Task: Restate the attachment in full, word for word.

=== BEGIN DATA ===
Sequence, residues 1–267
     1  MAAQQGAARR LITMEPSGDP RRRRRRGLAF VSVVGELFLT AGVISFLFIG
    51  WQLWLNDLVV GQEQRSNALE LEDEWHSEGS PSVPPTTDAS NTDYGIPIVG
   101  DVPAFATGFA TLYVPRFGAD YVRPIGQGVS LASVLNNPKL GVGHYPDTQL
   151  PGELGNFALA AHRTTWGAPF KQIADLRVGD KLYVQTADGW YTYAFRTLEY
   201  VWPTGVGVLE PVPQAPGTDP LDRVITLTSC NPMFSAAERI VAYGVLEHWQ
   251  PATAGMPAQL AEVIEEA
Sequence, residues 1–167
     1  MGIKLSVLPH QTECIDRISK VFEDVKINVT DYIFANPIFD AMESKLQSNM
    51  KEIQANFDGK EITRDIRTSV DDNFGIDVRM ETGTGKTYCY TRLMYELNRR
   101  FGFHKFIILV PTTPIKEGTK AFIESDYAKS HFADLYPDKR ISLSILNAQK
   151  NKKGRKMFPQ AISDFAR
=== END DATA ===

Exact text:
Sequence, residues 1–267
     1  MAAQQGAARR LITMEPSGDP RRRRRRGLAF VSVVGELFLT AGVISFLFIG
    51  WQLWLNDLVV GQEQRSNALE LEDEWHSEGS PSVPPTTDAS NTDYGIPIVG
   101  DVPAFATGFA TLYVPRFGAD YVRPIGQGVS LASVLNNPKL GVGHYPDTQL
   151  PGELGNFALA AHRTTWGAPF KQIADLRVGD KLYVQTADGW YTYAFRTLEY
   201  VWPTGVGVLE PVPQAPGTDP LDRVITLTSC NPMFSAAERI VAYGVLEHWQ
   251  PATAGMPAQL AEVIEEA
Sequence, residues 1–167
     1  MGIKLSVLPH QTECIDRISK VFEDVKINVT DYIFANPIFD AMESKLQSNM
    51  KEIQANFDGK EITRDIRTSV DDNFGIDVRM ETGTGKTYCY TRLMYELNRR
   101  FGFHKFIILV PTTPIKEGTK AFIESDYAKS HFADLYPDKR ISLSILNAQK
   151  NKKGRKMFPQ AISDFAR